In this Oct. 4, 2018, Pennsylvania Corrections Department mail inspector Brian Strawser sorts inmate mail at Camp Hill state prison in Camp Hill, Pa. Pennsylvania prison officials say new mail handling procedures and other changes appear to have helped address a spate of incidents this year in which correctional officers and other staff have sought medical treatment believed to be caused by exposure to synthetic marijuana that was smuggled into state prisons.
Katie is a reporter for PA Post and she hosts its political podcast State of the State. For two years she has covered the legislature, governor, and a wide range of political issues for public radio stations across Pennsylvania.
The commonwealth’s prison system just settled a federal lawsuit over mail policies in its prisons. It’s a big win for public defenders and nonprofit groups that represent inmates, and it’s a milestone after months of controversy and speculation about a raft of new security measures the Department of Corrections put in place last fall.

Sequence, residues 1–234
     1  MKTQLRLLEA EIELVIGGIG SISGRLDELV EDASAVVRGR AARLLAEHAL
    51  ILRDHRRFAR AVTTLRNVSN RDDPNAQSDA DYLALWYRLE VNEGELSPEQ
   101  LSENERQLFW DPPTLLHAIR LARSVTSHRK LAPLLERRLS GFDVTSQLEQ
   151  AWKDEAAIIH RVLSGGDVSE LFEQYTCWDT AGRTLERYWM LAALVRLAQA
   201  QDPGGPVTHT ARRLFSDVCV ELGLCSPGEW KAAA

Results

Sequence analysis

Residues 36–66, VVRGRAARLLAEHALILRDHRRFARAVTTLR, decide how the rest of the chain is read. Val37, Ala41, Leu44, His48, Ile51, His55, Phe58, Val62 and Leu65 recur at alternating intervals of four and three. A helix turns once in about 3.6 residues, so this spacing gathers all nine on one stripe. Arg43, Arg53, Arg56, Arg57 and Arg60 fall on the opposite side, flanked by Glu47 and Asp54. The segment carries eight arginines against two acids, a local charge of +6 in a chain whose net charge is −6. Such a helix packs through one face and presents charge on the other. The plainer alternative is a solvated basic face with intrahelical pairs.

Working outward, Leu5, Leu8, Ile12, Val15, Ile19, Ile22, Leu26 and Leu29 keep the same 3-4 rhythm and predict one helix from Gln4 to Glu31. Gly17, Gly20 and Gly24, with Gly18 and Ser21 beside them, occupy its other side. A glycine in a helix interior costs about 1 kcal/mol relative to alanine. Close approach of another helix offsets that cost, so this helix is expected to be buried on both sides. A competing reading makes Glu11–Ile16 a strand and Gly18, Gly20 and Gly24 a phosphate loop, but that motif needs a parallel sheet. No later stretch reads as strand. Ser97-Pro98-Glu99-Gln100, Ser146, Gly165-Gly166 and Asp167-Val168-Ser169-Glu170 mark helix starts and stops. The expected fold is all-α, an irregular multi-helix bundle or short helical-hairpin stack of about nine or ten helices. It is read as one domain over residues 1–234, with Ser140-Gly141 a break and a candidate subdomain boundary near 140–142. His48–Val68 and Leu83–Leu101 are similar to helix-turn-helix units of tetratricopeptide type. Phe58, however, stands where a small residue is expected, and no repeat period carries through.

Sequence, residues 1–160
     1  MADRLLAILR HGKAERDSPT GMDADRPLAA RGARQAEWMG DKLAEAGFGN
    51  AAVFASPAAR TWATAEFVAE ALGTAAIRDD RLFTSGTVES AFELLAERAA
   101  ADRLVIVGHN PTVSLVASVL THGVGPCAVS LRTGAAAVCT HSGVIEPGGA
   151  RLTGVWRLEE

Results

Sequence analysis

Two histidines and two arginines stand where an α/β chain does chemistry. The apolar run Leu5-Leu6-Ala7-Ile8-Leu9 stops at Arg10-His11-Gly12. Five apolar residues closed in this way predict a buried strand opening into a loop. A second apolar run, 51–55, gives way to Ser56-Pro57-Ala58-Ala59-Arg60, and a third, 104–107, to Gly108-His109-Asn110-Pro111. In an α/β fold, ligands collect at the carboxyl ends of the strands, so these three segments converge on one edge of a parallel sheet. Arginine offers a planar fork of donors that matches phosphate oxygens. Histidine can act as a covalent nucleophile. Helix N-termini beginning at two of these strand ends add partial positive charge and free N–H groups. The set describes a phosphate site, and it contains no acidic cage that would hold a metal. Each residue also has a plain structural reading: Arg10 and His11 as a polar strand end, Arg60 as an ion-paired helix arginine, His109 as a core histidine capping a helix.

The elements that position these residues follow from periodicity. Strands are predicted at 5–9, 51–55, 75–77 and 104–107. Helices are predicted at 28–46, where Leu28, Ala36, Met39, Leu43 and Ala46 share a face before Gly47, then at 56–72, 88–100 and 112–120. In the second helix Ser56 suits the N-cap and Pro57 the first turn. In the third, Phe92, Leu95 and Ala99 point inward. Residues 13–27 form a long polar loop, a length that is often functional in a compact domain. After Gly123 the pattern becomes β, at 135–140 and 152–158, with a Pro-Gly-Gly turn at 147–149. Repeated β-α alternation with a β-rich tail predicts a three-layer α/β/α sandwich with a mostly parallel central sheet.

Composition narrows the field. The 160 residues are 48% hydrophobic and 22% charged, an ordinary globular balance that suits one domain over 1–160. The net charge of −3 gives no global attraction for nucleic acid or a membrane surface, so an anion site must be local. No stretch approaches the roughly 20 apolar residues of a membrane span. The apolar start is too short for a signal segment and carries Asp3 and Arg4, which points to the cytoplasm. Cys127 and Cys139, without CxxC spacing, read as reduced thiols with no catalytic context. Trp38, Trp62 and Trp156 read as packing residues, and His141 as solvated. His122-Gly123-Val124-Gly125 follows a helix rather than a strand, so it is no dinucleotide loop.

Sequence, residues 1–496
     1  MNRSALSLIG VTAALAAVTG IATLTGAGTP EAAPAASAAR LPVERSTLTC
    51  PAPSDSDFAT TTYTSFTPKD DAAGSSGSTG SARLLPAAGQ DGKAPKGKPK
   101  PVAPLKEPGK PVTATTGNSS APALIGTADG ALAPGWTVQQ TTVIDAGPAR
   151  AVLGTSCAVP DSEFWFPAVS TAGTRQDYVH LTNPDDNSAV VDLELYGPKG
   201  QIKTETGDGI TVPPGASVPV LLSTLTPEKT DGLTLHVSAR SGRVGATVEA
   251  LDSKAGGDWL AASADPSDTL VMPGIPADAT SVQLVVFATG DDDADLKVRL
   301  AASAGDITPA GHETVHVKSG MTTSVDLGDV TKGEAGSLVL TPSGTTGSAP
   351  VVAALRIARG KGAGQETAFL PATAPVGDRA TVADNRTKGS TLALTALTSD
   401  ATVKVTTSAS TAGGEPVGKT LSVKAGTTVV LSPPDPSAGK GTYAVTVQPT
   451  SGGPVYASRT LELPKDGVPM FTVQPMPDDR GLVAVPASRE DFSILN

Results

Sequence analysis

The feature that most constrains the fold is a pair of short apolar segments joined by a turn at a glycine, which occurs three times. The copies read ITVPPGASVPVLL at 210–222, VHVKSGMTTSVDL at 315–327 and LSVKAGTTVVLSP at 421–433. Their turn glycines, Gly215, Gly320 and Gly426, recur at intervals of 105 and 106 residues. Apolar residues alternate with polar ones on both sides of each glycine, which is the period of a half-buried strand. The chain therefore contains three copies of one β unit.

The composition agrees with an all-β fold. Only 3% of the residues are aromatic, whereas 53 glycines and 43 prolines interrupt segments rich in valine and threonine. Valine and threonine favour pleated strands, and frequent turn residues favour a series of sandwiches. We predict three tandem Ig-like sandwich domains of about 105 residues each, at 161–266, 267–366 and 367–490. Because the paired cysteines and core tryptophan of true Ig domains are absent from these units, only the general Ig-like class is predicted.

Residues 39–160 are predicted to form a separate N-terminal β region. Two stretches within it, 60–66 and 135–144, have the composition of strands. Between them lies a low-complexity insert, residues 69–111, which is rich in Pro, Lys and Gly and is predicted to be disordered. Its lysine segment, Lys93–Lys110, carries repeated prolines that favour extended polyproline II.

To understand exactly what happened and what it means, we’ll bring you back to late August, when the DOC suddenly locked down all its prisons for almost two weeks after a spike in reports of staff falling ill from exposure to smuggled drugs.
We’ll explain the legal complexities that surround incarcerated people’s legal correspondences, and we’ll hear from an ACLU lawyer and the state corrections secretary—two people with very different perspectives on what exactly is happening in the prisons.